Chapter 10: Property rights in human developed genetic material: an economic assessment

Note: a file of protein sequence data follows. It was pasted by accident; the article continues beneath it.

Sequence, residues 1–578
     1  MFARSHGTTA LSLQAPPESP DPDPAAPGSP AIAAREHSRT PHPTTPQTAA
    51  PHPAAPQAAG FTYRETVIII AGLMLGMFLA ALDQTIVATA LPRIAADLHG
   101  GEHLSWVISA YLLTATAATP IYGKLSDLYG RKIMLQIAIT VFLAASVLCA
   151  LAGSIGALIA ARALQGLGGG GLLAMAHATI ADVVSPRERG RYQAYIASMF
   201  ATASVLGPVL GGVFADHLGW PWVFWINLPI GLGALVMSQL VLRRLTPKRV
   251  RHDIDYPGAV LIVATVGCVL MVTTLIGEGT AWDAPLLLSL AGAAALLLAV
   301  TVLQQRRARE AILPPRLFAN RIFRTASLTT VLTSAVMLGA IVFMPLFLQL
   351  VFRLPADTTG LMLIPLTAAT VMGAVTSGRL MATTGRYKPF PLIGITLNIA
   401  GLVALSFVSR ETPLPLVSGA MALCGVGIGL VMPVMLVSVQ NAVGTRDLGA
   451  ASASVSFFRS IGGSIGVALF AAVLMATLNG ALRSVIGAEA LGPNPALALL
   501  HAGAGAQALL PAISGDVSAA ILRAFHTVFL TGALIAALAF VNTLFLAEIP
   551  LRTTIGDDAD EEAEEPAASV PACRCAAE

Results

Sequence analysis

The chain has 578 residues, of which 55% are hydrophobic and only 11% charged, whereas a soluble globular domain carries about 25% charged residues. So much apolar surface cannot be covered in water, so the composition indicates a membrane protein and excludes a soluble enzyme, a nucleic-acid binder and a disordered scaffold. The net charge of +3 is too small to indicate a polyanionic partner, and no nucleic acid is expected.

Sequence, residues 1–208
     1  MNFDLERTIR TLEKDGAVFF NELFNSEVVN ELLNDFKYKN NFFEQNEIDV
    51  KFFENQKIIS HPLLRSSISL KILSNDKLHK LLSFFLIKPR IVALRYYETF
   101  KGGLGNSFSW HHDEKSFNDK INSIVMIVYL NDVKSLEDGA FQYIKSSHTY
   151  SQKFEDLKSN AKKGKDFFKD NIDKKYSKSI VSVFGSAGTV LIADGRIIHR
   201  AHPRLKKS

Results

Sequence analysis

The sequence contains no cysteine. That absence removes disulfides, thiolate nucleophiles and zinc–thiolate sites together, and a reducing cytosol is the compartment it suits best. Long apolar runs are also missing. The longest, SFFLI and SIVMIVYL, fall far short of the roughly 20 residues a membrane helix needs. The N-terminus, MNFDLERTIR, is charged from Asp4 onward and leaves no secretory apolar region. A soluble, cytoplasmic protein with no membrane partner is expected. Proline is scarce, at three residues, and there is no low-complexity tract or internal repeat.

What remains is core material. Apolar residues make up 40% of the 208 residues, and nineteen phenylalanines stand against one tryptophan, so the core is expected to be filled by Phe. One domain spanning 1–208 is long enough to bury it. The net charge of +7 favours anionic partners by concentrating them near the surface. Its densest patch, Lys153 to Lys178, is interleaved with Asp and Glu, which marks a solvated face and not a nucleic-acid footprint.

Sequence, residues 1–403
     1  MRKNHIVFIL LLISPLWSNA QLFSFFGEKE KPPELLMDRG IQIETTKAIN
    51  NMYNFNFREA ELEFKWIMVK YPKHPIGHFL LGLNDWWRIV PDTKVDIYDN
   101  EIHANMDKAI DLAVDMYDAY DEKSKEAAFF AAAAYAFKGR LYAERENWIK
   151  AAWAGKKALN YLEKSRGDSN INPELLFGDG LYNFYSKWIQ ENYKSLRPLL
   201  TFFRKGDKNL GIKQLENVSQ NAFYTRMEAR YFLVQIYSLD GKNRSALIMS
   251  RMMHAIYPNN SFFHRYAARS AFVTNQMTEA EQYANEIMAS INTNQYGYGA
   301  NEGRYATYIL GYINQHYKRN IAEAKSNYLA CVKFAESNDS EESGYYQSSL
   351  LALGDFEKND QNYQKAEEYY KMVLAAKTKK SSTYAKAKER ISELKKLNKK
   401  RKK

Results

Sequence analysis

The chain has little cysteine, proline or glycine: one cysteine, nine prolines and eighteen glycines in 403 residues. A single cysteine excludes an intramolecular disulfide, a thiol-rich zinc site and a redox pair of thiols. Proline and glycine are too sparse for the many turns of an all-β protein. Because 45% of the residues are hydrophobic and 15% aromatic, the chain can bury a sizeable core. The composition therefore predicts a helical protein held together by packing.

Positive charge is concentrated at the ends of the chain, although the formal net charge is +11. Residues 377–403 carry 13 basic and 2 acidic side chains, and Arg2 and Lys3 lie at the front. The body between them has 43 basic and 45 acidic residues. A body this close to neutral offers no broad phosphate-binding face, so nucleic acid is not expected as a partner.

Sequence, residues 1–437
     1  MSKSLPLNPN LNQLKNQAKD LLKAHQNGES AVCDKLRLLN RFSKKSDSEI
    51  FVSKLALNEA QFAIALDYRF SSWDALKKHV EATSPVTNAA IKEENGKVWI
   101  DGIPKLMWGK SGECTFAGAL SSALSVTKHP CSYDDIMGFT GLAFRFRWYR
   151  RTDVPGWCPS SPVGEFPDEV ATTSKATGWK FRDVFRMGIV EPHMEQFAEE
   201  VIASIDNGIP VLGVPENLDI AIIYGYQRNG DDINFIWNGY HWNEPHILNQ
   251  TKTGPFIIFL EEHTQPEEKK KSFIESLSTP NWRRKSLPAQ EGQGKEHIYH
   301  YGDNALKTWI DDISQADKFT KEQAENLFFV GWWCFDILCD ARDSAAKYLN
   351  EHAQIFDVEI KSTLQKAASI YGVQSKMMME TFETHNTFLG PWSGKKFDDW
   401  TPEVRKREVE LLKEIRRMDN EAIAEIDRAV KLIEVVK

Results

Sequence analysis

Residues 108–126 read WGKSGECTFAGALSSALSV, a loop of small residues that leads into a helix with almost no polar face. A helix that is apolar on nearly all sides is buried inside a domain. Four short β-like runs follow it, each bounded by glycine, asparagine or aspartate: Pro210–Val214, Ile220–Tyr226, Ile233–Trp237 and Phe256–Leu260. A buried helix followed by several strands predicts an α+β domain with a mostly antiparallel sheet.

Originally, genetic material was for the most part a common pool resource but in recent decades (especially since the middle of the 1980s), newly developed genetic material has increasingly become intellectual property (often private property) as well as some of the methods for producing it. For example, plant variety rights now provide limited property rights to developers of new plant varieties produced using conventional breeding methods. Furthermore, patents bestow private property rights on those who develop genetically modified plants or develop specialized methods for producing such plants. The consequences of granting such property rights, particularly the granting of biotechnology patents (biopatents) have been subject to considerable controversy. Plant variety rights provide some market protection for plant breeders, and patents mainly protect those who are able to develop new varieties of plants or attributes in plants by genetic modification, or who invent specialized biotechnological processes for transforming plants.Given these privatization trends, legal steps have also been taken to protect farmers’ property rights in genetic material. For example, the International Treaty on Plant and Genetic Resources for Food and Agriculture (ITPGRFA), which came into force in 2004, aims to do this. This treaty’s purpose is to protect the access of farmers to seed and other propagating material and to ensure that they are fairly compensated for the use by others of their genetic material, for example, by developers of new genetically modified crops using this material to produce new plant varieties. However, this aim conflicts with another aim of the treaty, namely...
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